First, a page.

|Hearts in a
|1 (10 3/4 oz.) Sara Lee
Pound Cake, frozen
4 egg whites (room temperature)
1 tablespoon minced fresh or 2 teaspoons dried chives
|pinch of paprika
1 seedless medium orange, peeled and thinly sliced
|Cut pound cake
horizontally in half; return one half to freezer. Cut remaining
half vertically into 2 equal-size slices. Using a heart-shaped
cookie cutter, approximately 1 1/2-inches in diameter, cut out a
heart in the middle of each cake slice; set aside. In a deep,
medium bowl, beat egg whites and spices together until frothy.
Place cake slices and heart-shaped cut-outs in a heated skillet
coated with non-stick vegetable oil cooking spray. Fill the hole
in the cake slices with egg white mixture; cover and cook over
low heat until egg white in each is firm. Turn over cake slices
and heart shapes; continue to brown lightly, about 1 minute.
Garnish each serving with orange slices and serve with a
favorite Champagne or herbal tea. Makes 2 servings.
Sherbet with Raspberry Sauce
courtesy: Jacques Pepin
|2 pounds fresh raspberries
or 1 1/2 pounds frozen unsweetened raspberries
(2 packages, 3/4 pound each)
1 1/2 cups fresh raspberries
2 cups seedless red or black-raspberry preserves
2 tablespoons raspberry brandy
|2 tablespoons lemon juice
1/2 cup water
mint, edible flowers, or lemon peel, for decoration
Chantilly (sweetened whipped cream), as an accompaniment
(regular whipped cream would work as well)
|Reserve 1 1/2 cups of the
fresh berries to fill the sherbet receptacles at serving time.
Put the 1 1/2 pounds of fresh or defrosted frozen berries in the
bowl of a food processor with the preserves, and process until
liquefied, or push through a food mill fitted with the fine
screen. Strain through a sieve to remove any remaining seeds.
You should have about 3 1/2 cups of raspberry coulis or puree.
Reserve 1 1/2 cups for the sauce, and add the brandy to this
sauce. Refrigerate until serving time. Add the lemon juice and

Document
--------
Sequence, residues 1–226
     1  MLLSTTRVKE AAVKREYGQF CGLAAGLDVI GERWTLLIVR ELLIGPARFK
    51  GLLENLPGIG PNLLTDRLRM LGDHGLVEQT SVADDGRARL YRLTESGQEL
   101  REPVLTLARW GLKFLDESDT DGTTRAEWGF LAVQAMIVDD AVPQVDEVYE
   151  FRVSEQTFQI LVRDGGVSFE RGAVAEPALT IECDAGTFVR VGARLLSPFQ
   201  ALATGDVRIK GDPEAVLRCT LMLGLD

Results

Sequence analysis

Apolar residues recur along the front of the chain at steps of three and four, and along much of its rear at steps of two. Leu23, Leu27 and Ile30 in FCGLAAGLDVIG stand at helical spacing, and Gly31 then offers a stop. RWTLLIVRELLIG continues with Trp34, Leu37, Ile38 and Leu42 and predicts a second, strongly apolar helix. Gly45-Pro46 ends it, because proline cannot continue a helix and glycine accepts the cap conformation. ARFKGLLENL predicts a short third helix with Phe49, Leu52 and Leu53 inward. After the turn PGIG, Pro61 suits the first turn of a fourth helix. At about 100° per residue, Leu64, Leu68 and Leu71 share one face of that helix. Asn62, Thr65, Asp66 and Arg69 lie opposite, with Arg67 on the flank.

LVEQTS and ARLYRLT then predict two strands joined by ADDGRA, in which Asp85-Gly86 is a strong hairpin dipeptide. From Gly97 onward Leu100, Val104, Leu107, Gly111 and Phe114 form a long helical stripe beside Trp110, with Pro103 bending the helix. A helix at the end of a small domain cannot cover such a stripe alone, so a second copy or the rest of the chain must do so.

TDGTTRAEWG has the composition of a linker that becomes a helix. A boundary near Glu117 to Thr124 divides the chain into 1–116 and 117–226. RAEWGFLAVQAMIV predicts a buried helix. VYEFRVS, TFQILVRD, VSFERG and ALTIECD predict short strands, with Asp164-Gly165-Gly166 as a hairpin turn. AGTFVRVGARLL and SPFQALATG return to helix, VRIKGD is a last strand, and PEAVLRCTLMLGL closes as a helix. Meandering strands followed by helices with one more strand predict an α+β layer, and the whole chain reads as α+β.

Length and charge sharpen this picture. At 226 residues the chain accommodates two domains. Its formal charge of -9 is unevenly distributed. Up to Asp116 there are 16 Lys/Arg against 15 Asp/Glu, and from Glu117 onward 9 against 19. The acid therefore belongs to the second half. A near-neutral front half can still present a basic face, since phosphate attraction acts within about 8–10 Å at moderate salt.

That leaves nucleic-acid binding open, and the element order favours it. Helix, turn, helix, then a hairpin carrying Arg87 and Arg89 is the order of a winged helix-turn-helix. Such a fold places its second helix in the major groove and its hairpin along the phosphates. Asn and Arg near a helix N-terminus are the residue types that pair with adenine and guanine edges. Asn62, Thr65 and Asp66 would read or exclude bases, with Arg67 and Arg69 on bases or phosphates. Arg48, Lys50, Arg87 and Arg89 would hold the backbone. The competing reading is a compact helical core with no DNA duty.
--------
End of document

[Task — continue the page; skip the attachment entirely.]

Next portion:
water to the remaining 2 cups to be used for the sherbet, and
freeze, covered with plastic wrap, in a stainless-steel bowl for
about 3 hours, until frozen but not too hard. Break the frozen
sherbet into pieces with a spoon, and dump them into the bowl of
a food processor. Emulsify in several batches or all together
until the sherbet becomes creamy and lighter in color. It should
not be processed much more than 30 seconds; by then, it will
have liquefied a little. Return the puree to the stainless-steel
bowl, cover, and put back in the freezer for a few hours. To
make the sherbet receptacles, line six 1-cup glass bowls with
plastic wrap, and spoon a sizable scoop of sherbet inside each.
With a spoon, press on the center of each scoop to hollow it
out, and push the sherbet up around the sides of the cup to
create a "nest" in the center. Fold the plastic-wrap edges over
the sherbet, and place in the freezer for a few hours, until
hard. (This can be done several days ahead).
Serve: Remove the
frozen sherbet receptacles from the freezer, and pull back the
plastic wrap to expose the center. Fill each with about 1/4 cup
fresh raspberries. Invert the sherbet cups carefully in the
center of six dessert plates, and remove the plastic wrap. Pour
the raspberry sauce around the cups, decorate with lemon peel,
mint, or edible flowers, and serve. Makes 6 servings.
Note: A simple V cut on one side of the finished
mound and a slight cut to the opposite side would make a very
1/2 lemon juice
1 teaspoon mayonaisse (or butter)
|1/2 teaspoon dill
1/4 teaspoon dijon mustard
|Remove course outer leaves
of the artichoke. Steam artichokes until tender (5-7 min). Mix
together lemon juice, mayonaisse (or butter), dill, and dijon
mustard to use for dipping.
Note: Remind your guests that the best part of the
artichoke is the tender bottom heart. Make sure you have a
little bowl for the leaves.
To submit your favorite recipes to be
included in the Garden of Friendship Recipe Book,
please email them to Barbiel
Background graphics made especially for the
Recipes Committee of the Garden of Friendship by Valatine